When using A/B split testing (explained below), there is much to learn regarding meeting the customers’ behaviors and eventually reaching a better conversion rate. However, companies often forget that an A/B test of a website and of a newsletter are two completely different things, which need to be handled in completely different ways.
The core of the difference is, simply put, that a visitor has visited the website at a given point in time when the test is being carried out. But it’s impossible to know at which point in time the test subject will open their newsletter – if, that is, it gets opened at all. The time lag and the uncertainty are factors that need to be taken into account, regardless of whether you want to measure opening rates or click frequency.
It is a good idea to A/B test newsletters or campaigns, but there are some things that need to be considered in order to reach a result where you are absolutely sure that the winning version really is the best one. Before you begin your testing, adopt an attitude of welcoming surprises and being open to working with unforeseen results.
What is an A/B split test?
First, let’s identify what an A/B, or A/B/C/D, split test actually is. You start by creating two or more versions of your newsletter or your campaign. Then, you send the different versions to randomized groups of recipients from your recipient lists (the size of your test groups is up to you). After a period of testing, you determine which version has worked best, and that version is then sent to the rest of the list automati- cally. If you wish, you can control it manually instead.
Test the right things
The most common things to test when using A/B split tests on newsletters are open- ing rate or number of clicks. When testing opening rate, you will usually be working with different versions of subject lines.
If you want to test different types of content, you will want to measure click rates. There are many different kinds of content that can be tested. Some kinds you can test to optimize the current communication, other kinds can be tested in order to draw more long term conclusions.
If you want to find out what kind of content is most appealing to your recipients, click rates is what you want to measure.
Examples of things to test for content optimizing
- Special offers
- Color and shape of buttons
- Link placement
- Text length
Prolong the time span of your test
Since you don’t know when your recipients will be opening the newsletter, you need to have a rather long time span for your test. The point is that as many recipients as possible should have time to open the email before you determine which version works best.
If you’re the eager type who wants the tests nished quickly, you run a high risk of getting misleading results. The test might show that version A is the best one during the time allotted, and that version may then have been sent to the rest of the recip- ients. But an hour later, more people in the test group have had time to open the email, and now it transpires that version C is actually the winner.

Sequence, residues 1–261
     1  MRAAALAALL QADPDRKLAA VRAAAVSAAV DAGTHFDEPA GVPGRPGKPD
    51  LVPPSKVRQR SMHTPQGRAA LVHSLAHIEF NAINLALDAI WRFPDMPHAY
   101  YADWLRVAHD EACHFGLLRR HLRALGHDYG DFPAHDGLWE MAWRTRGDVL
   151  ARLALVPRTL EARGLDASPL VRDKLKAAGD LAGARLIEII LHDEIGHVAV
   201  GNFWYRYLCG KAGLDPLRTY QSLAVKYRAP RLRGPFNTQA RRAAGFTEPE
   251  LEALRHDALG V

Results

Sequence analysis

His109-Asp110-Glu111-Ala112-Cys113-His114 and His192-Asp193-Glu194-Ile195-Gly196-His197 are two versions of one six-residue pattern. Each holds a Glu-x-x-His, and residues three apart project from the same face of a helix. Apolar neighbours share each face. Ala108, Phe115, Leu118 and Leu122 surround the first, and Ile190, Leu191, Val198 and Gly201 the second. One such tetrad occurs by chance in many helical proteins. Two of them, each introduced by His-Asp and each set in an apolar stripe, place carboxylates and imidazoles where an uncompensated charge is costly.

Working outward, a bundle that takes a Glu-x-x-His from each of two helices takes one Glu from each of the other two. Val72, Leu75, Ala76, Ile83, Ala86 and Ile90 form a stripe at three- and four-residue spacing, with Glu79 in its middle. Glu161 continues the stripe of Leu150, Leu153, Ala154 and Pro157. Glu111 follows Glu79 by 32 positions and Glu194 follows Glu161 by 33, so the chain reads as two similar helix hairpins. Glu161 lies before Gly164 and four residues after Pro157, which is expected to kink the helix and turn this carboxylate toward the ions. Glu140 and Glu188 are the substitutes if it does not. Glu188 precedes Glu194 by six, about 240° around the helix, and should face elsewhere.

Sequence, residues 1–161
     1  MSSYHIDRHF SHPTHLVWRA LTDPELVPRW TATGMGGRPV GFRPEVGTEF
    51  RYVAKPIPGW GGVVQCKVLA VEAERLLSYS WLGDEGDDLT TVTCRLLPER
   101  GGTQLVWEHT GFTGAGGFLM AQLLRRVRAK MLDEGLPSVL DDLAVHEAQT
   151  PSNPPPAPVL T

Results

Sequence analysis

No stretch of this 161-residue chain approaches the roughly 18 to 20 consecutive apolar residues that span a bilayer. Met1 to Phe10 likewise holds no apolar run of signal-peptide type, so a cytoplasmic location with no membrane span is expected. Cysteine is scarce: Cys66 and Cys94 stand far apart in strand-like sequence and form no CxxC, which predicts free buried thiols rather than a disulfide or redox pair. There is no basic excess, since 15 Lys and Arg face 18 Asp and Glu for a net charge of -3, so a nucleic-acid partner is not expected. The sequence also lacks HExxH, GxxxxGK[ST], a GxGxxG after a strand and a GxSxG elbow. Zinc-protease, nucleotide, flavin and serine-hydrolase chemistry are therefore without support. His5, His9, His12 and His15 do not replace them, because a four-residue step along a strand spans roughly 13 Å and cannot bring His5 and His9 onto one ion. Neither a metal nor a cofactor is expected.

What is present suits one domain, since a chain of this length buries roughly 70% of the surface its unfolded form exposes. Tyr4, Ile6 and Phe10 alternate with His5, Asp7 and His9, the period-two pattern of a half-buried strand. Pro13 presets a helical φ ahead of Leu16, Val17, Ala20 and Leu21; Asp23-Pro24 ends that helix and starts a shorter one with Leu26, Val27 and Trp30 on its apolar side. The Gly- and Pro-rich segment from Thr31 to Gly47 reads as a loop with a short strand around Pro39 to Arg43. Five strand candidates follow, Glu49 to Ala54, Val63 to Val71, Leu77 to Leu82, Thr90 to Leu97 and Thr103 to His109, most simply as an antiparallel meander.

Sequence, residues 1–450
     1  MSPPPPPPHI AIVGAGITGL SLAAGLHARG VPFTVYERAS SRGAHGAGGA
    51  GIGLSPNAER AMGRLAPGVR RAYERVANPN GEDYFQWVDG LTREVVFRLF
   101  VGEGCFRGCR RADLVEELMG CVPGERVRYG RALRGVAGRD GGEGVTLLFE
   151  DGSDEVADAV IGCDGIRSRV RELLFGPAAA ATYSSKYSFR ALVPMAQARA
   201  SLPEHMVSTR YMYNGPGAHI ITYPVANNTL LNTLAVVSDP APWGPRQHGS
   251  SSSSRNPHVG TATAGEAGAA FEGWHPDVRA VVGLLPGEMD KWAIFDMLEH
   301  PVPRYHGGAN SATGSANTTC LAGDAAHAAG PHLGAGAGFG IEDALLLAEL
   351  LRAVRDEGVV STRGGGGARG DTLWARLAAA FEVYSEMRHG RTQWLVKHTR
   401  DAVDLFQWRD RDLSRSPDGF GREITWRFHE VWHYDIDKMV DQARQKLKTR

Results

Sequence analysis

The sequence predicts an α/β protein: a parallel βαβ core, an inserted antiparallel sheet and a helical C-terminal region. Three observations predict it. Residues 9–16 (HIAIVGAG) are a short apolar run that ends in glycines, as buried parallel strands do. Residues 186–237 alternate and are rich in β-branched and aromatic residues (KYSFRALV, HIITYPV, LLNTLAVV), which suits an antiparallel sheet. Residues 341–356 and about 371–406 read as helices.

This is important to consider. How you should handle this depends on how much you know about the behavior of your recipients. Do they usually open their emails as soon as they get them, or is there a certain time when you want them to read them? How many of your recipients read their emails on their mobile phones, and do you have the same opportunities for driving conversion there?
In order to get a more reliable result, you should expand your testing time span as much as possible. If you’re planning a campaign, it might be a good idea to have a time span of 24 hours. During that time, the majority of your test group should have time to make a choice whether to open the email or not. If you don’t have that much time, three hours should be your minimum. Unless, of course, you’re sending the emails in the middle of the night or on a major holiday.
Make a plan
Before you start your test, decide what you want to achieve. It’s good to have a hypothesis to test, because then you’ll acquire not only a test result, but also new information about your recipients. You can, of course, carry out random tests when you feel like it, but then you should be aware that the testing is in fact random, and not a basis for long-term conclusions.
What’s a good test group size?
In order for a newsletter split test to be statistically justi able, Compost recommends that you have a list of at least 10.000 recipients. If you want to test more than two versions, with an A/B/C/D test, you need a list of at least double that size.
You can carry out split tests with smaller lists too, but unless you get a very clear re- sult, it’s dif cult to know whether differences are really down to a better version of the email or just random. Remember, you can test because it’s fun and interesting too!
Think about this when A/B testing
- Decide which newsletter elements you want to test alternatives to
- Identify what the alternatives can be
- Weed out the alternatives that you would not choose to use, even if they came out on top
- Decide which kind of measurement shows the best alternative for the different elements – opening rate or click rate
- Make a plan for what to test and in which order
- Test one thing at a time
- Make sure that your test time is long enough to allow a representative amount of your test group to open the email. The longer the test time, the more representative the result
- If you want to be able to draw long term conclusions, repeat your test at least three times